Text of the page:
these and related issues, Robert McChesney and John Nichols can rightly claim to have the track record that counts. The two of them, respectively a distinguished media scholar (and radio show host) and one of the sharpest political journalists in the United States, have been at the beating heart of Free Press (www.freepress.net) from its inception. This social movement, epitomized by the radio show Democracy Now, was created to fight corporate media domination and the Bushies’ effort to quash human rights discussions, and it seems to have peaked in the midst of that administration’s blundering bloodthirstiness. The nomination and election of Obama threw a spanner into the works for some months because the worst of the problems, it was hoped, might now be passed. Sad reality: we need this kind of movement as much as ever. The Death and Life of American Journalism is, at its most innovative, a historical analysis with a programmatic conclusion. So many books on U.S. history have appeared in recent decades that the actual story of journalism has remained a remarkable mystery. McChesney and Nichols reveal the surprising fact that without government subsidies, there would have been no penny press (an innovation way back in the 1820s); no blood and thunder fiction weekly papers (the television or Web of the day) in the 1840s; no vigorous arguing over slavery; and for that matter, no utopian, free love, and women’s rights papers. Forget for the moment that the huge mass of newspapers and, later, magazines, have historically been profitdriven, morally corrupt, racist, and tied to a corrupt two-party system. All the way back to Thomas Jefferson, elements of the elite found a dissenting press useful to themselves and expressive of the democratic promise of the new nation. The Post Office Act of 1792, opening up “Post Roads” across the country (and soon making the Post Office the nation’s largest employer), was accompanied by a heavy subsidy of rates for sending printed matter. Printing subsidies of various kinds followed as well. Go forward to the twentieth century,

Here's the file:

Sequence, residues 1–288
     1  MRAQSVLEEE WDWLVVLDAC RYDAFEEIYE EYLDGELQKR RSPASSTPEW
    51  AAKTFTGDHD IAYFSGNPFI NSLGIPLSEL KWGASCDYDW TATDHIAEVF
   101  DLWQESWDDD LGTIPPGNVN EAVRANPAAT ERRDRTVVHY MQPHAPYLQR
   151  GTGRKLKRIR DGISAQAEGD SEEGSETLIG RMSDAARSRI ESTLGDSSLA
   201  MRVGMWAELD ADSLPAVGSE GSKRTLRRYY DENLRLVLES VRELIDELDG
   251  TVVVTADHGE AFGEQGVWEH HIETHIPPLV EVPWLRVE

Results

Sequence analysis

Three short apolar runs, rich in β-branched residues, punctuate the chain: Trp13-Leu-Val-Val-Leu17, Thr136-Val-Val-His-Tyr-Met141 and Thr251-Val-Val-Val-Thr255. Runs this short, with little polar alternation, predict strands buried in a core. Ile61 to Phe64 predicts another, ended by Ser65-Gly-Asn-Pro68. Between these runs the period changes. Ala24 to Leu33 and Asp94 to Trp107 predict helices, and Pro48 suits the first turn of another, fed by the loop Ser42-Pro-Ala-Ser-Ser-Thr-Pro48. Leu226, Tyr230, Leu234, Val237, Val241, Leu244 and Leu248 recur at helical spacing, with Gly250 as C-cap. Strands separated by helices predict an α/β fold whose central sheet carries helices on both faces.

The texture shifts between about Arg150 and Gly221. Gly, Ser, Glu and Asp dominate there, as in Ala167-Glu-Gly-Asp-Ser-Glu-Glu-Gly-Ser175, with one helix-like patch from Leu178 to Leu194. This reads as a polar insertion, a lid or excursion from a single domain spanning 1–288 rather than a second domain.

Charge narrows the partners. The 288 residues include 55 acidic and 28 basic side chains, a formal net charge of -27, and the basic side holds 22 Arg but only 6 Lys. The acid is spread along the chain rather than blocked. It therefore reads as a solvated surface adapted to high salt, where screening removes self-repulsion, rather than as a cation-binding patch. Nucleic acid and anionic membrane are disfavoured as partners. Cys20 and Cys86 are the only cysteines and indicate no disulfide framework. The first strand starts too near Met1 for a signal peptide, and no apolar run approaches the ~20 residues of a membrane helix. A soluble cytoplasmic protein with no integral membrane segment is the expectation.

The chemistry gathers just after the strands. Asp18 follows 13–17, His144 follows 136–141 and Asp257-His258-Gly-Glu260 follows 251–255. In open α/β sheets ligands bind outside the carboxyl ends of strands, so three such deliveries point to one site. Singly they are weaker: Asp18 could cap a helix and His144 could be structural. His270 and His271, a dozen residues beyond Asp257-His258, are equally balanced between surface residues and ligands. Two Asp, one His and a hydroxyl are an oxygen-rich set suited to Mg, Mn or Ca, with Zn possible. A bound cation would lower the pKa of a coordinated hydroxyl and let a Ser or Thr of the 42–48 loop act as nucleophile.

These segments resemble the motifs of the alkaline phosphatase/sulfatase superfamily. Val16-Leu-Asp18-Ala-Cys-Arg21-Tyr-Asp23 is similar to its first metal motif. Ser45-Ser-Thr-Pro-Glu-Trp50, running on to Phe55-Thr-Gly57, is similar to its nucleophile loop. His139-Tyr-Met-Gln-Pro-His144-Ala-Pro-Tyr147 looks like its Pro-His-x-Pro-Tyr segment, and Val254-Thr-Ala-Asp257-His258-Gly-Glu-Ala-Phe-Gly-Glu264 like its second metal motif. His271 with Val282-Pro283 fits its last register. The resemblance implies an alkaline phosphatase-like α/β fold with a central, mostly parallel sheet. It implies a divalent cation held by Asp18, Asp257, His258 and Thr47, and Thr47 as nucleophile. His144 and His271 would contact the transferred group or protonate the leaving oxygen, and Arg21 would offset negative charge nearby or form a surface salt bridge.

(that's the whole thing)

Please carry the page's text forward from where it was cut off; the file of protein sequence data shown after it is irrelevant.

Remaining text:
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and newspapers are peaking in circulation with a staggering variety in many languages, local, regional, and national— not to mention the comic pages (always favorites, along with sports sections). The press of the 1910s featured muckraking revelations of corruption and called for political reform. Again, never mind that by the end of the decade, papers and magazines favoring the U.S. entry to war had been favored, those opposing the war suppressed (mostly by the loss of postal rates, though sometimes by mobs of American Legionnaires wrecking offices and Red Squads dragging staff members off to jail). Subsequent bursts of lively journalism, the scandal sheets of the 1920s, the leftleaning minority of papers (including much of the secular foreign-language press and of the African-American press), foreshadowed the Pentagon Papers’ revelations and belated criticism of the CIA by the liberal press. By the 1980s and ‘90s, of course, the heavily centralized newspaper industry was raking in profits by cutting staffs and news pages while loading up on ads, much to the delight of the Reagan, Bush, and Clinton regimes. The opposition press, such as had existed, virtually ceased to exist outside of some weeklies and a handful of left-leaning magazines. The PBS commentaries by Bill Moyers were to the point but after the fact, and